This preventative approach will be further refined following Australia’s ratification of the Optional Protocol to the Convention Against Torture (OPCAT). OPCAT is an international agreement that’s main aim is to prevent the mistreatment of people in detention.
Australia has three years in which to fulfil its obligations and develop an independent National Preventative Mechanism (NPM) to comply with its obligation under OPCAT. The NPM conducts inspections of all closed spaces and places of detention. Australia joins 88 other countries as a party to OPCAT, 71 of which have designated their NPM.
The Australian Human Rights Commission has been conducting consultations on how Australia should implement OPCAT. The Commonwealth Ombudsman is also coordinating an assessment about how a ‘diffuse’ NPM model might operate across State and Territory jurisdictions. At the moment it is unclear what Australia’s NPM will look like and what the involvement of existing monitoring bodies will be.
The TCVU will conduct its first formal inspection of the AYTC in the final quarter of this year. It will be informed by the work and information gained during the program of visits and reviews of records that have been implemented since mid-2018. This inspection process is being developed so it will be compliant with OPCAT requirements.
Around the world, jurisdictions similar to Australia are having success with models of juvenile rehabilitation that are radically different to those here. Much stronger independent oversight and monitoring will increase transparency and identify problems before they intensify. Success can also be measured by the way these programs challenge and force reconsideration of the largely penal model that dominates Australia’s thinking.
By Guardian Penny Wright and Malcolm Downes
The State Government’s newly announced strategy An Intensive Support System for South Australia’s children and families promises a more sustained and holistic response to child protection by shifting the focus to families. Under the strategy the Child and Family Assessment and Referral Networks (CFARNs), the Child Wellbeing Practitioner and Strong Start programs will be brought together in a new Intensive Support Unit to be formed in the Department for Human Services.
The family, in its many styles and structures, remains at the core of human society. It is how we care for each other, a basic economic unit, a basis for our sense of who we are, a psychological comfort and a vehicle for raising our children. It is also the site of some of our greatest problems, of violence, abuse and neglect. Over generations it can perpetuate our noblest aspirations but also nurture our darkest failings. For some families, problems with poverty, debt, unemployment, drug misuse, mental illness, family violence, insecure housing and contact with the justice system combine to create major barriers to the enjoyment of the relative wellbeing and wealth that our community has to offer.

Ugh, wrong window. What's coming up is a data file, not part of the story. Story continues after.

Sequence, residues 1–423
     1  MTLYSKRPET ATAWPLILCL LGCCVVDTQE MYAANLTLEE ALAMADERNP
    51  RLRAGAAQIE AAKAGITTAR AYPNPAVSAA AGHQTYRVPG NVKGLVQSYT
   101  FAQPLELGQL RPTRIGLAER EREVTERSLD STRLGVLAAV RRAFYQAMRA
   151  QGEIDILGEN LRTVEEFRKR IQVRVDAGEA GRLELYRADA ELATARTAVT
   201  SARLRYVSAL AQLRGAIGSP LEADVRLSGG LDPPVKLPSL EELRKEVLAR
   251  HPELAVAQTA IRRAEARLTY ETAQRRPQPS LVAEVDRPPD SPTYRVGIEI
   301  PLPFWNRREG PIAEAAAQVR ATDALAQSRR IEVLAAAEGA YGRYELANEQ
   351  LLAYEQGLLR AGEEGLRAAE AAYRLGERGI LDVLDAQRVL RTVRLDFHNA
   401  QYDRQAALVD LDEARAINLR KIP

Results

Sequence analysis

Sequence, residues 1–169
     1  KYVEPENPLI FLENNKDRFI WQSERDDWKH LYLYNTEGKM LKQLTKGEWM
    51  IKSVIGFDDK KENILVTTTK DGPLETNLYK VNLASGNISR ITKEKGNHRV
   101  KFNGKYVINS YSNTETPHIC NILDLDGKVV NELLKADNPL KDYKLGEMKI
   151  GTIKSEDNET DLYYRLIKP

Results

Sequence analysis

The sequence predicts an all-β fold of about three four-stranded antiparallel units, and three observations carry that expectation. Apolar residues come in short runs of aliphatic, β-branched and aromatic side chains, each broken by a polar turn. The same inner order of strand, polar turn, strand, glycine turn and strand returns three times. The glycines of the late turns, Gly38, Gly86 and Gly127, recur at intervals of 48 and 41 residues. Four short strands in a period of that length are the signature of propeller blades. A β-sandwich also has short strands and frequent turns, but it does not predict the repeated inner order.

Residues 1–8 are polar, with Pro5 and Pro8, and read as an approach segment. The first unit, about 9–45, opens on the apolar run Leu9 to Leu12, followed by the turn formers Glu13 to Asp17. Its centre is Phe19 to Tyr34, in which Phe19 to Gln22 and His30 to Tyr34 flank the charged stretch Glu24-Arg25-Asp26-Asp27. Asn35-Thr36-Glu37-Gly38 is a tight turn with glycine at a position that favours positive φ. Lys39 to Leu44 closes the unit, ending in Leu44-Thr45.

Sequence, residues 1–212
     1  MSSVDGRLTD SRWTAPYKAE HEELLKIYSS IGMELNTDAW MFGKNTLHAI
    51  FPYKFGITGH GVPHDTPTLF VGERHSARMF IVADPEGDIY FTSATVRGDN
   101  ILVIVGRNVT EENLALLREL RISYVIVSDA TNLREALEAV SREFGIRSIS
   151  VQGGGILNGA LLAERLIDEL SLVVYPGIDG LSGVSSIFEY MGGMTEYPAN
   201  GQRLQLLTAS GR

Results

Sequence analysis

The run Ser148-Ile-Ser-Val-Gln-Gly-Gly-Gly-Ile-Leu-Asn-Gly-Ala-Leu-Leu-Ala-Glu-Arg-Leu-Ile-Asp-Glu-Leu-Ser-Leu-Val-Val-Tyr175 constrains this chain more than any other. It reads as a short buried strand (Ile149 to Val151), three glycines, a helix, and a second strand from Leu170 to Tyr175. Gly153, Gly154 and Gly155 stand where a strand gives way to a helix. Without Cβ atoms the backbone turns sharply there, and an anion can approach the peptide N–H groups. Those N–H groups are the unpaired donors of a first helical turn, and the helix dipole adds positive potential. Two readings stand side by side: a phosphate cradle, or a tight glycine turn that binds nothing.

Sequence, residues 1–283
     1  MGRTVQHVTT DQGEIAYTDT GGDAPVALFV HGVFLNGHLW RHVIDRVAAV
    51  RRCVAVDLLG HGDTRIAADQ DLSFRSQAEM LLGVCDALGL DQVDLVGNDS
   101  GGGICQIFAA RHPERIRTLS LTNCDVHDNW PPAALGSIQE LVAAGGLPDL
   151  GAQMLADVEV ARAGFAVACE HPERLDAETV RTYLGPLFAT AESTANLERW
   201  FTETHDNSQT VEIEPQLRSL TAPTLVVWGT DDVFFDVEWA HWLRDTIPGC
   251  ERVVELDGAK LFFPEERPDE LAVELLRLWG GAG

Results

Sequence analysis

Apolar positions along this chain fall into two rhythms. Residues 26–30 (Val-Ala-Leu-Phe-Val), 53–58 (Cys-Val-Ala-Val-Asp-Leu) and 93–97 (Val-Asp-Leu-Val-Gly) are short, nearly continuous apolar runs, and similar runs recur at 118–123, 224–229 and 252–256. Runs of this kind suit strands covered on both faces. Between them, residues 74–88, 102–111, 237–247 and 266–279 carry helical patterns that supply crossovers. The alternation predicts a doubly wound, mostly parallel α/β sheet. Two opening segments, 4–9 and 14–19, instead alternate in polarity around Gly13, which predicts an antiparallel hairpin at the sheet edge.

Informed by the research commissioned on the back of the Nyland Royal Commission into the Child Protection System in SA, the Department’s planned Intensive Support Unit promises to focus squarely on the families with the most entrenched and challenging issues. It aims to work with families to identify issues they face and coordinate the services and supports they need in sustained way. In the past we have striven to ‘rehabilitate’ the individual young offender or ‘cure’ the person with a mental illness without regard for the social circumstances they came from and to which, in all likelihood, they will return. The Department’s new strategy will refocus the bulk of the family support, domestic violence and children’s support services that it provides and contracts on these families.
The rationale and structure resembles the Troubled Families program that has been in place in the United Kingdom since 2012. The program recently released its National evaluation of the Troubled Families Programme 2015-2020: Findings Evaluation overview policy report. In the UK program, intervention is based on a keyworker who builds an understanding of problems and of the individual family dynamics. They look at the totality of what’s going on and use what the report calls ‘a persistent and assertive approach establishing a relationship with the family and working closely with them to make sure the family resolve their problems’. The keyworker agrees on a plan with the family and local services so that interventions are sequenced and coordinated and there is a shared ownership of outcomes among service providers.
The evaluation report shows some headline gains including an almost one-third reduction in children being taken into care after a 19-24 month intervention and a one-quarter reduction in young people receiving custodial sentences. The economic benefits and net budget savings modeled in the report make a strong argument for the UK Government to persist with the program.
We should anticipate that the South Australian strategy, like Troubled Families, will encounter some challenges as it is rolled out. Services will need to adapt their practice, data collection and information sharing to a family-based way of working – and being funded. We can look to the NDIS as an example of the difficulties a change of service and funding model can produce for clients and providers if not well managed, no matter how well intended. The shift to a payment-by-results model can produce distortions in the provision of services and a gaming of the system if not well-conceived and managed from the outset.